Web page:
I am not at all in favour of nuclear energy. I am still not convinced about the state of security in the sectors, and furthermore it is not a renewable re­source. Also, nuclear energy does not contribute to the flight against climate change, it is not an answer. This is be­cause two of the biggest sectors that need energy – transport and housing, do not use nuclear energy. This is why we need to look towards greener types of energy. I think with this incoming government in Belgium, we are prob­ably looking at a pursuit of this ap­proach, however. The Belgian Greens will not accept to form a government coalition with the centre-right. Thus in all likelihood we will have a pro-nuclear minister for the environment. The pro-nuclear lobbies are also very strong in Belgium, as in Europe as a whole.

How do you feel your status as woman has affected your career in politics?

I did not feel it was a problem, but per­haps that is because Ecolo is a party which has made a priority of equality. This is why I havent had many diffi­culties myself, although I admit many women do encounter difficulties and struggle, even today in the 21st cen­tury. And it is very important to have women as parties are supposed to be representative of the population. Moreover, women shouldn’t have to be limited to talking about “women’s subjects” traditionally seen as family and children etc, but all areas should be open to them. I have often found myself the only women in the room, but I have never had a problem work­ing with men. It’s not just because you arrive as a women in a man’s world that you have to speak loudly or be particularly harsh or aggressive, there is no reason to become a man, on the contrary, the more your respect your­self the more other respect you.

What do you think of events like Live Earth to promote awareness of climate change and further the Green agenda?

I have mixed feelings about this. On the one hand I believe people like Al Gore and Nicolas Hulot have succeed­ed effectively in “popularising” this question. However, the organisation of such concerts is somewhat hypocritical, they require a huge installa­tion, an enormous budget and create a lot of pollution that could otherwise have been avoided. I’m of course not saying that we must return to the age of the candle, or that everyone should stop taking cars and planes, but there is a happy medium. There also has to be solutions brought forward, and these are necessary at all levels of power. It’s true that we all have to do things like switching lights off, and using up less water, as Al Gore says, but people in his position also have a very important responsibility, vis-a-vis the big industries etc. Each human being is responsible for their own personal policy.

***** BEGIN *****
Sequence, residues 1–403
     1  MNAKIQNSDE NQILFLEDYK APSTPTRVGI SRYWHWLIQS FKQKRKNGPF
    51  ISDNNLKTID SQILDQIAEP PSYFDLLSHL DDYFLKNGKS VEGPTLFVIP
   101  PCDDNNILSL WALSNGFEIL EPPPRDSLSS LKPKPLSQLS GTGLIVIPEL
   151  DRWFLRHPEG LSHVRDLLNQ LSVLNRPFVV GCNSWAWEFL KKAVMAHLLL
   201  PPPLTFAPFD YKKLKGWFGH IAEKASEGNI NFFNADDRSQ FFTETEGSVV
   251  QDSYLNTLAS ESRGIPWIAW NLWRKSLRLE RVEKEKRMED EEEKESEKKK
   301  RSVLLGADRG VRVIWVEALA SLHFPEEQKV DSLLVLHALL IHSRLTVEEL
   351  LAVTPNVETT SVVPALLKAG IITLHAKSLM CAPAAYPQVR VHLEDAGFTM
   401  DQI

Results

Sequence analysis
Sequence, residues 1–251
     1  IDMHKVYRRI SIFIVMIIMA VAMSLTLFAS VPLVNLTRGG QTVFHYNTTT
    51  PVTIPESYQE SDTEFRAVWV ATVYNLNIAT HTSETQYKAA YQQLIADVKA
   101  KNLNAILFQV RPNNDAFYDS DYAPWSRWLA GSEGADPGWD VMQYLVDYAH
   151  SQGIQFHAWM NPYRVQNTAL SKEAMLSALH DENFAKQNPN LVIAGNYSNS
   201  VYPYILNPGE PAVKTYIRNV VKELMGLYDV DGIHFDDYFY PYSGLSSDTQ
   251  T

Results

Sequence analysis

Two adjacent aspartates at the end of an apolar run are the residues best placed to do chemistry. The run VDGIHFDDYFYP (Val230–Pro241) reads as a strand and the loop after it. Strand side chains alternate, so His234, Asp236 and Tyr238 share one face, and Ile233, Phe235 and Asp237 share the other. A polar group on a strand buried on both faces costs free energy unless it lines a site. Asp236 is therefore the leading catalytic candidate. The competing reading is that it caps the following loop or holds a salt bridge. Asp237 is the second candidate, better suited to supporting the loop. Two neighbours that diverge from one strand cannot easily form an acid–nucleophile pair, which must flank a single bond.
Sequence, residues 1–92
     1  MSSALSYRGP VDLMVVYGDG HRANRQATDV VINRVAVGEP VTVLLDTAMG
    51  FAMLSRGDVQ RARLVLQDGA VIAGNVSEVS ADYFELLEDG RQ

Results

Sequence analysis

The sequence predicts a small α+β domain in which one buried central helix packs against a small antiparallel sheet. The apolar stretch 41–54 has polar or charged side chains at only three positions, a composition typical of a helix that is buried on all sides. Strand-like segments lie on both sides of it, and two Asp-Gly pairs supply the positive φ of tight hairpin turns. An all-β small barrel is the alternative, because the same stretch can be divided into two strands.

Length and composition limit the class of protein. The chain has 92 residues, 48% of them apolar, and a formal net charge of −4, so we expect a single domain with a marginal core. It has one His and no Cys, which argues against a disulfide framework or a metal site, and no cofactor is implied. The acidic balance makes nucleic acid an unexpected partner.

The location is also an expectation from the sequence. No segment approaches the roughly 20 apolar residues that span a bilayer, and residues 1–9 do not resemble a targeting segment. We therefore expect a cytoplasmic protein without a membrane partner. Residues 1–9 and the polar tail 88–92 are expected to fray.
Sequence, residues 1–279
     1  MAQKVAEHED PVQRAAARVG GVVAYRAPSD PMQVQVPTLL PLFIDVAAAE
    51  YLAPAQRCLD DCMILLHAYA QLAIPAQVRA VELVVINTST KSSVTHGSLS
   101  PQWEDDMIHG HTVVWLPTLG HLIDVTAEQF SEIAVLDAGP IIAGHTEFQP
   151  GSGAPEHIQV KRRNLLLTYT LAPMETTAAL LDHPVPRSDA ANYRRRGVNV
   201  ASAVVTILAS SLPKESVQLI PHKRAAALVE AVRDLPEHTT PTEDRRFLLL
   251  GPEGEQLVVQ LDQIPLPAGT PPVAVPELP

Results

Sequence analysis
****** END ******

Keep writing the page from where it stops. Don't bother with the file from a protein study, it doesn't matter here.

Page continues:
How do you feel about the G8, is there any way progress can be made in such a forum?

I feel that we allow ourselves to be completely dominated by these coun­tries, that are the most powerful on the planet, and therefore it is not at all democratic. George Bush admits the planet is warming up, but this doesn’t mean he will sign the Kyoto treaty, and even if he were to, this would not mean he would necessarily re­spect the engagements taken. You are not what you say, you are what you do. The same goes for Barrosso, his famous white book on the environ­ment, but he drives a car which emits an enormous amount of co2 per km. It is always the same problem with politicians, they take on these huge engagements but in terms of efforts – nothing. This is why citizens begin to lose confidence in them.

Do you think part of the problem lies in mandates of 3-5 years being too short a time period to put into effect a real en­vironmental policy, and too short-term thinking?

Yes, this is why Ecolo has put into place what we call a National Union for the climat, to be put into action over a period of 12 years – that makes 3 different governments mandates, 3 legislatures. We have said we will enter a government only on the con­dition that this national union for the climate be respected. The challenge posed by the climate can’t be resolved in a time period of 5 or 4 years, and this is the problem of many politi­cians they only see up until the next election, therefore there is an unwill­ingness to produce say a ten-year na­tional policy on climate, environment, transport or any thing else. A decade is a long time but to solve the com­plex problem of climate change it is not long at all, in fact it is necessary. Therefore we need a much more am­bitious and more long-term policy.

Juliette’s official mandate begins in October but has already started work, she will be sitting on various commis­sions including the Foreign Affairs commission on Europe. We wish her the very best of luck.